Around 150 people travel to view annual bonfire
Glen Nelson was 16 years old when he first got the idea to build a bonfire for the holidays. At that time, it was supposed to be a small bonfire in the backyard for Halloween.
Today, Nelson has grown into a 40-year-old man—and the fire has grown into a 20-foot-tall Christmas Eve inferno.
“It’s tradition,” laughs Michael’s mother, Margaret. “We have to light the way for Santa Claus.”
Started in 1990, Margaret said her three sons have now built the massive holiday fire for 24 years. For the first one, she said, both the St. Rose Volunteer Fire Department and members of the St. Charles Parish Sheriffs Office came out to inspect. To this day, she said she has the paperwork showing that it is perfectly legal to have a once-a-year fire for “celebratory” purposes.
Glenl is the oldest of three brothers who have been working on the fire. Margaret said she remembers that the youngest one, now 28, was frequently told to get out of the way of his older brothers. In retaliation, Margaret said, the youngest one built his own small fire. The three have been working together since.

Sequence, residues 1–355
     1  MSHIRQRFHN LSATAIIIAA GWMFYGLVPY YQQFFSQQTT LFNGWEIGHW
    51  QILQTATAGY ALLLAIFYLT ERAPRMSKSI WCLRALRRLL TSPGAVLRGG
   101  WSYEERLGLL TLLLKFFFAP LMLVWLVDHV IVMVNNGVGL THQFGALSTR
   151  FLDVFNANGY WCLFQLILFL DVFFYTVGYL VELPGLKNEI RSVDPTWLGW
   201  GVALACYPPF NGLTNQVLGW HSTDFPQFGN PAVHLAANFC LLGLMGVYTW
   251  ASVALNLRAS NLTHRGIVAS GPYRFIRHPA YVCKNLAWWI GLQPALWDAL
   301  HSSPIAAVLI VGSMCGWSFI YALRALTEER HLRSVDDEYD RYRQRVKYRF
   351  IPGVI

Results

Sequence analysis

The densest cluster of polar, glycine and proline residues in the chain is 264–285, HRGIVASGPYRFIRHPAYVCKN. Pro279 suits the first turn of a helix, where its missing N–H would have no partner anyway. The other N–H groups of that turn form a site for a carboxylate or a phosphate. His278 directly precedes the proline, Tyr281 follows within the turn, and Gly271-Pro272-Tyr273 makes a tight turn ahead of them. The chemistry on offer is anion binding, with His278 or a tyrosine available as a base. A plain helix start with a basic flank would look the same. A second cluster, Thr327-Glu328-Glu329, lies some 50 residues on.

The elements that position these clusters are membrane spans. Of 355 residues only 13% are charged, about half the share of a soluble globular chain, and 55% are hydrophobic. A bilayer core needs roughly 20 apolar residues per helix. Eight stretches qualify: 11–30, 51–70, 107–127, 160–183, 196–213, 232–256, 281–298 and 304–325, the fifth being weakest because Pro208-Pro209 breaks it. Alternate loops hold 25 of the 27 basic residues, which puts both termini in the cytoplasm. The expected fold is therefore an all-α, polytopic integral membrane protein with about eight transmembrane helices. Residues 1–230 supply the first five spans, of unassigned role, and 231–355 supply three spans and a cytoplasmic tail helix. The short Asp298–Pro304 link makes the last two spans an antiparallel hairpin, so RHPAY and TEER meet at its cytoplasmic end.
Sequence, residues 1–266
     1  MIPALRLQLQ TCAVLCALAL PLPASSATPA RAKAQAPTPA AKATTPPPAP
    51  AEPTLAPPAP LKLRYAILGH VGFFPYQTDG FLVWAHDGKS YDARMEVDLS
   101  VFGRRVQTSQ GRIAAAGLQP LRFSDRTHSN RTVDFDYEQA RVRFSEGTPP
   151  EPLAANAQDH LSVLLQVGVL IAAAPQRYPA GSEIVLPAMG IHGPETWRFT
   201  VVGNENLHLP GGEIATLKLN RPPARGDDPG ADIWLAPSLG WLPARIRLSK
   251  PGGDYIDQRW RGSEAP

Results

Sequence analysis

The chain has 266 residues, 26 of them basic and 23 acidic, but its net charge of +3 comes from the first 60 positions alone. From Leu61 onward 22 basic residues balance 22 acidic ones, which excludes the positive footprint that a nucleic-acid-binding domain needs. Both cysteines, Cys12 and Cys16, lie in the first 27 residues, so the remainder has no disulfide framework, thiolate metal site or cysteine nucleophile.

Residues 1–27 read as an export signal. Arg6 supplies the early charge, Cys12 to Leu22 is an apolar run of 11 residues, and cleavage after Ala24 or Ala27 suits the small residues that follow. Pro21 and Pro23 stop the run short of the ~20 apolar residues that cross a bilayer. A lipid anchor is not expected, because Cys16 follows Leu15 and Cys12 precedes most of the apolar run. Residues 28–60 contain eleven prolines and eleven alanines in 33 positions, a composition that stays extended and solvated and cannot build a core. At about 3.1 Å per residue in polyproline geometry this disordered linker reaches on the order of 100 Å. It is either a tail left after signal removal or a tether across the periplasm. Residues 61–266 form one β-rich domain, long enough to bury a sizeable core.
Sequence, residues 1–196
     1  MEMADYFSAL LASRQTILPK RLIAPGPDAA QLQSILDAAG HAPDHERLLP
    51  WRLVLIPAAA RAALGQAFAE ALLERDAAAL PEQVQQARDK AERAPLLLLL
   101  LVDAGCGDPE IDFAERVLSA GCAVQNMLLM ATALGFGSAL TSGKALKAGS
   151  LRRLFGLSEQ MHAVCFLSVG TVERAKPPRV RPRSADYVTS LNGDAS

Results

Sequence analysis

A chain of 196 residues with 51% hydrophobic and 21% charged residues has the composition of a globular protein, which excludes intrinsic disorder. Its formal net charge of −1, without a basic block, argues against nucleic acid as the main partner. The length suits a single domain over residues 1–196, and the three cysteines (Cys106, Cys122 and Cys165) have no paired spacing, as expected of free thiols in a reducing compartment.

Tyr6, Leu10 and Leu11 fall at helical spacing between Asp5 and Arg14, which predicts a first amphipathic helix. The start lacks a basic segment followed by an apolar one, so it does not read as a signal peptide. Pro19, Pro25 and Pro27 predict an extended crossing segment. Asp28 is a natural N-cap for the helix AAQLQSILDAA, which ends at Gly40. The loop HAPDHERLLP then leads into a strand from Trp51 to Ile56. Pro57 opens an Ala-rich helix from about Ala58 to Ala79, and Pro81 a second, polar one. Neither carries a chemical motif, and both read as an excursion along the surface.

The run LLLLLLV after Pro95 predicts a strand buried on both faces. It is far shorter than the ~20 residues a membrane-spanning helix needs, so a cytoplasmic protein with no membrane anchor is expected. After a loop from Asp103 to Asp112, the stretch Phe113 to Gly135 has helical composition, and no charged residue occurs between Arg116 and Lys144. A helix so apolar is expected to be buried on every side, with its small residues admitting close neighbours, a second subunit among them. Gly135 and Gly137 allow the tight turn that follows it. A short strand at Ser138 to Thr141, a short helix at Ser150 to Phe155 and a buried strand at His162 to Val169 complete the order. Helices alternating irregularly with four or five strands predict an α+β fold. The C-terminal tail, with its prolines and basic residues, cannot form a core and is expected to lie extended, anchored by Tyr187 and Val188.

“When they started, they had nothing…they would just go out there with a saw or an axe,” Margaret said.
Today, two of the Margaret’s sons, including the youngest, own a disaster recovery business.
“They have trucks and chainsaws and means of hauling and everything else,” Margaret said.
The process has become something of a local legend. Each year, then Nelson men begin around Thanksgiving, assembling a pyramid-shaped structure with tree-sized logs on the outside, and brush and smaller branches stuffed into the middle.
“Getting the wood was easier this year, the oldest just bought some property,” said Margaret.
Margaret said her husband then cooks up a large pot of gumbo for visitors and, at 7:30 p.m., the fire is lit. According to Michael, however, it’s not that simple.
“Every year Santa flies over and the reindeer shoot an electric spark into the fire,” joked Glen.
Once lit, the fire brings anywhere from 100 to 150 guests. The Nelson family invites anyone who would like to join in on the festivities. Guests have hailed from as far away as Albuquerque, N.M. and New York City.
One year, Margaret said, the boys were traveling for Thanksgiving and could not begin the fire. People came by inquiring about the empty space where the bonfire pile should be.
“They didn’t start until a couple of weeks before Christmas, but they did it,” Margaret said.
The Nelson family said they invite anyone join them Christmas Eve at their place on River Road, between St. Rose and Destrehan. If you’re driving after 7:30 p.m. on Christmas Eve, you likely won’t miss them—theirs will be the house with the giant bonfire in front.